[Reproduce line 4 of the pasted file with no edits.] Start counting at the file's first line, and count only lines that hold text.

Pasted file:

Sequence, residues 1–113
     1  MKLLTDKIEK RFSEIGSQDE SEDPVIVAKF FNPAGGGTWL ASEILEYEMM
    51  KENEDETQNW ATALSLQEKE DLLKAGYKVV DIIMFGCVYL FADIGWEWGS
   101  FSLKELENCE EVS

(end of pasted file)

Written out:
   101  FSLKELENCE EVS